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Guest Article

Explosive Growth In The Middle Market For Health & Welfare Consultants

by Ken Forrester


For many years the employee benefits middle market (500 to 5,000 employees) has being dominated primarily by a few national players (Marsh, Aon, Willis) and a strong contingent of local brokers. Within the past five years a few new national firms have emerged in that market space with objectives to capture significant market share and essentially dominate that marketplace. This article will attempt to provide some insight into who these firms are, what has attracted them to this market space, why they are achieving early business success and what the smaller firms must do to maintain their competition advantage in the middle marketplace.

The Firms

These new firms are (Lockton, Palmer & Cay, Cbiz) predominately successful property & casualty players who have grown into employee benefits players by acquiring a number of local employee benefits brokerage firms. There are three reasons why these firms are attracted to that particular market space; they understand the dynamics of doing business in that marketplace, they can very easily transition their services into that market space and they can create more new business development opportunities in that marketplace.

Business Dynamics

These firms understand the dynamics of doing business in the middle market, specifically that clients in the middle market are more motivated in doing business with the individual broker, not necessarily the name of the organization. Often, this intimate type of client relationship offers the broker more insight into the client's business and as a result make it easier for the broker to uncover additional needs that can be satisfied by products and services offered by the brokerage firm.

Easy Transition into the Market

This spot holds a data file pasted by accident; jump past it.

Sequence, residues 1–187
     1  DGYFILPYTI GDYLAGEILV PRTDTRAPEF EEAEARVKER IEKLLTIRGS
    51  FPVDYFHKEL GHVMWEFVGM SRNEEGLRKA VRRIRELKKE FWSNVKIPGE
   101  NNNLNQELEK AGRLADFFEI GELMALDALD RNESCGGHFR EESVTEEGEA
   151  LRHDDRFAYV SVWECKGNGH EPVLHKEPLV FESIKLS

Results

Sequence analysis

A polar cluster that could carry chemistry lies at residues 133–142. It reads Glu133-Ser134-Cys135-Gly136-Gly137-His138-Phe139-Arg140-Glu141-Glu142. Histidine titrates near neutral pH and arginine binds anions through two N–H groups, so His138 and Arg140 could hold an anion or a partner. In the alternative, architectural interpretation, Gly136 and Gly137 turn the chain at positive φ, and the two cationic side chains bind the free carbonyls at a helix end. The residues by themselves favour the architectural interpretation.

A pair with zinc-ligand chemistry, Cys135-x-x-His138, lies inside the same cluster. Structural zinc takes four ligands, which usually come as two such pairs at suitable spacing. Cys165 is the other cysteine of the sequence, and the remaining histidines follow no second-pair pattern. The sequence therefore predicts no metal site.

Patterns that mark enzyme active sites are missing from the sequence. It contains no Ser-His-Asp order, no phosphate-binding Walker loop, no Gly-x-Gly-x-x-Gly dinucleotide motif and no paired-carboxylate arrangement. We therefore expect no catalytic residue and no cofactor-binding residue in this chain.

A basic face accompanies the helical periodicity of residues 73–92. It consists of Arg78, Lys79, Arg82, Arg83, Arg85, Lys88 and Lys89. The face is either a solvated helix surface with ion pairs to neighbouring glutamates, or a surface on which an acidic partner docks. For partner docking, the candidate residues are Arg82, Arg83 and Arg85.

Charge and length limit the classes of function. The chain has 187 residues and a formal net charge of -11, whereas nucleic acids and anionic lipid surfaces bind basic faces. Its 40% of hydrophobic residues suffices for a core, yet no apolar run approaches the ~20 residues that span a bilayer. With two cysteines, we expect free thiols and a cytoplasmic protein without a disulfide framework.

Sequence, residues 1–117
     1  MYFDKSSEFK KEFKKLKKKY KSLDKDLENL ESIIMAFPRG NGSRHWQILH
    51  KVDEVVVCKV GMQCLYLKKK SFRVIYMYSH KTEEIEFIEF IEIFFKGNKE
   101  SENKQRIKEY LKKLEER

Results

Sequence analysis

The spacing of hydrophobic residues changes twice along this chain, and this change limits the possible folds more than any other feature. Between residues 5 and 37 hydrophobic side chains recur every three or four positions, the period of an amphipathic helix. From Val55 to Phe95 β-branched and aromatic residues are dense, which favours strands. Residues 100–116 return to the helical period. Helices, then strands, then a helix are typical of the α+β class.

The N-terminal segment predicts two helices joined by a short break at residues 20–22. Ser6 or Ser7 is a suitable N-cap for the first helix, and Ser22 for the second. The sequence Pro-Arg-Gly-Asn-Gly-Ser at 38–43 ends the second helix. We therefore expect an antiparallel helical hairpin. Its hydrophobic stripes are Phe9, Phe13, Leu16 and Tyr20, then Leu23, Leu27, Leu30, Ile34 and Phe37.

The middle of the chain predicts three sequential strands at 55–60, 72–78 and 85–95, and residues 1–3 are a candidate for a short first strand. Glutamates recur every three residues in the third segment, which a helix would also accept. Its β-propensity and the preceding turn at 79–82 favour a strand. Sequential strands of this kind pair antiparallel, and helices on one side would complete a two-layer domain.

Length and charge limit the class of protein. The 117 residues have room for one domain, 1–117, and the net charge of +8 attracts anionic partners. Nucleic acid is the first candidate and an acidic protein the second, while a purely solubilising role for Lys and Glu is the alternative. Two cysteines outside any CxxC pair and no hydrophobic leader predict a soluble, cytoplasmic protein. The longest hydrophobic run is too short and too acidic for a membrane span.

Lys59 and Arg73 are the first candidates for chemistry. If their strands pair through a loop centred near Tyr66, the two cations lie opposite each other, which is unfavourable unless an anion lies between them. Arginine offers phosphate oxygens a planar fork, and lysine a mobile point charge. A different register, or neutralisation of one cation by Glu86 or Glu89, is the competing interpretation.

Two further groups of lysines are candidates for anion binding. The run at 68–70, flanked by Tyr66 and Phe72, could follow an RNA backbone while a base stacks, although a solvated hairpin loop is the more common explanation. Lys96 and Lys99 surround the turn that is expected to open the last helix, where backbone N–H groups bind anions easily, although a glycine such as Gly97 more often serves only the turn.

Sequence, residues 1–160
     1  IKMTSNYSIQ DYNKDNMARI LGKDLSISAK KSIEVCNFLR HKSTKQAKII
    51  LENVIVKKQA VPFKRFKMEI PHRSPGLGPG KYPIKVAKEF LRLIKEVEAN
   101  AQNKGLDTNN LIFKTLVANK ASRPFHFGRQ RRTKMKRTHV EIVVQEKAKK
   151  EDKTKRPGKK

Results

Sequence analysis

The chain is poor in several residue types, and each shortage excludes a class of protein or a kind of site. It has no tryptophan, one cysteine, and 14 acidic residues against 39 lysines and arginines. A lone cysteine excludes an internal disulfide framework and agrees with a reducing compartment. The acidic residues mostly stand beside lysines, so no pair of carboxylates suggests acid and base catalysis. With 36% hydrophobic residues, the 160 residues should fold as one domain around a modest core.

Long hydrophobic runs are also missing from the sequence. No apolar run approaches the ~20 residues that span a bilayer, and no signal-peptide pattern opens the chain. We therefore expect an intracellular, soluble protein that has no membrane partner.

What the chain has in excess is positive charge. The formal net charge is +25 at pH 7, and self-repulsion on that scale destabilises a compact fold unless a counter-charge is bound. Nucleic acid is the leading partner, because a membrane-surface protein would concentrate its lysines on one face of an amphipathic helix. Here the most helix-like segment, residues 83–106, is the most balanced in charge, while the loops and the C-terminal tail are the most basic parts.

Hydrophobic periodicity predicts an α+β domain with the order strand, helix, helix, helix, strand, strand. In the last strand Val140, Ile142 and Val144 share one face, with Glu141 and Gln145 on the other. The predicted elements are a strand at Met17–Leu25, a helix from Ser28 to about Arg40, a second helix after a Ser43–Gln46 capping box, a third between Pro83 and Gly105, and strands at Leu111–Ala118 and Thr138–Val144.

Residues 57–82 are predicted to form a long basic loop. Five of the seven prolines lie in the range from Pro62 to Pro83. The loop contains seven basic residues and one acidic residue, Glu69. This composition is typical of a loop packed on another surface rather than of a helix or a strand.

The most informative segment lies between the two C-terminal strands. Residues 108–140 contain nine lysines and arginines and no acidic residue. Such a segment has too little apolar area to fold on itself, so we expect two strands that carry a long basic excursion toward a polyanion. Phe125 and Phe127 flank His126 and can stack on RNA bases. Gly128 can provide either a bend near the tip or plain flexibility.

These firms can be considered as new players from an employee benefits perspective, however they are not necessarily new in terms of doing business in the middle market. They have existing presence and established relationships with property & casualty clients and can provide employee benefit services to the same clients which will creates excellent cross selling opportunities for their consultants.

More Business development Opportunities

Compared to the limited amount of potential new clients in the high-end (Fortune 100 employers) marketplace, there are significantly more potential new clients in this marketplace, which translates to more business development opportunities, more sales for their consultants, more profit for the organization.

The two significant reasons why these firms are achieving early success in the middle market is because they are utilizing the same business model that has being successful in the high-end marketplace and they are also effectively utilizing the tools of technology to improve the delivery of services to clients.

Business Model

Consulting firms that focus in the high-end marketplace view their employees as their biggest asset; as such they seek to recruit the most talented individuals who understand the health care business; can develop relationship with the clients and effectively communicate the benefits of their services as solution to client needs. In the middle market, commission dollars generated from the sales of products is the generally accepted method of payment for service. However, employers have become very sophisticated health care consumers and as a result are demanding more services for the commission dollars generated by their brokers. They are placing more value on obtaining creative health care cost reduction solutions and are placing less value on the standard procedures of shopping their health insurance plan among the few remaining carriers for the purpose of obtaining lower rates. The secrete to achieving early success in the middle market lies in the fact that their brokers are providing consultative solutions as well as product sales for the same commission dollars.

Advancement in technologies specifically, web enabled tools (Benefitpoint, channelpoint, e-healthinsurance) offers smaller firms the same internal resources historically was only available to the national companies.